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I think I did the algebra for shooting while moving. The idea is to start with the parameters for a static shot, and to change the robot parameters (velocity, hood angle, turret angle) until they cancel out the motion. Or, to put it another way, the combination of the motion of the robot and the shot/applied motion of the ball equal the static shot parameters

I switched between coordinate systems a little. Lets define our output variables (sort of in spherical coordinates): v_s, theta_v, and theta_h. v_s is the shot velocity, theta_v is the vertical angle of the shot from the horizontal (hood angle), and theta_h is the horizontal angle on the field.

I described the robot velocities as v_x and v_y, the velocities in the x and y directions (cartesian, same reference point as theta_h is defined from)
I described the static shot parameters as V, phi_v, and phi_h. V is the velocity of the shot, phi_v is the angle from the horizontal, and phi_h is the horizontal angle (pointing directly towards the goal). These would be determined by a lookup table, or a trajectory calculator/optimizer. Assume these are known constants (for one shot)

The nest step is to convert everything to cartesian coordinates of the field; x, y and z. Then, we need to calculate the values of our output variables vs, theta_v, and theta_h, such that the combination of the robot velocities relative to the field and the shot velocity relative to the robot match the static shot values (V, phi_v, and phi_h).

This is set up as v_s_x - v_x = V_x, v_s_y - v_y = V_y, and v_s_z = V_z (because v_z is zero).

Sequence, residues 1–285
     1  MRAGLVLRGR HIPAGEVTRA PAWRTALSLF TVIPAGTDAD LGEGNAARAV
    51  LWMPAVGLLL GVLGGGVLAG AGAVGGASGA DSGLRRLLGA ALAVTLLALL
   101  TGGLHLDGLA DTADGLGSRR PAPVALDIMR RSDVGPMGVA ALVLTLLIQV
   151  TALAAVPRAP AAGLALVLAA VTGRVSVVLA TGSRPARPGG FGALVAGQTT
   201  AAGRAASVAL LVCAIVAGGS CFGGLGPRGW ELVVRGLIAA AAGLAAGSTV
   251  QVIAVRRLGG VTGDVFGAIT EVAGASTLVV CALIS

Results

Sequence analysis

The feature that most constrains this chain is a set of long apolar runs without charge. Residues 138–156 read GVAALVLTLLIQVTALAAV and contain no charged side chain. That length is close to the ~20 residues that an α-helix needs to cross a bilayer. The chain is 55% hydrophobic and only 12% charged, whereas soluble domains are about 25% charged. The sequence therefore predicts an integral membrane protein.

Using the conversions from spherical to cartesian coordinates, we can define v_s_z in terms of v_s, theta_v, and theta_h (v_s_x = v_s*cos(theta_v)*cos(theta_h), and so on for the other variables. Then we solve for the output variables (the solution is not terrible by hand, see the images below)

I haven’t coded it up yet or put it into a physics sim, I am somewhat confident it will work (and that I didn’t make any mistakes)

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For me, Y is toward the goal, X is perpendicular to Y, and Z is the vertical axis

For what it’s worth, we found that the math was the easier part of shoot-on-the-move vs. actually getting all the error stackup (between computer vision, odometry, various sources of latency, control error, and the shooter itself) small enough that the ball still goes in the goal.

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Right.
And we found out, that all this is still easy… compared to doing it during or right after fighting with a swerve strong defense…

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I think I took a similar approach to what @jacob6838 was suggesting and canceled out the robot’s velocity instead of trying to account for the ball’s velocity as I described in my initial post.

In regard to @Jared_Russell and @kornblau, I have been considering making a separate thread asking for advice on how to supplement odometry (with vision or the like) to make it more accurate as odometry breaks down pretty quickly during teleop.

So it works in my sim…

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Vey impressive? What language or graphic framework did you write your simulator in?

It is written in pygame, it was surprisingly easy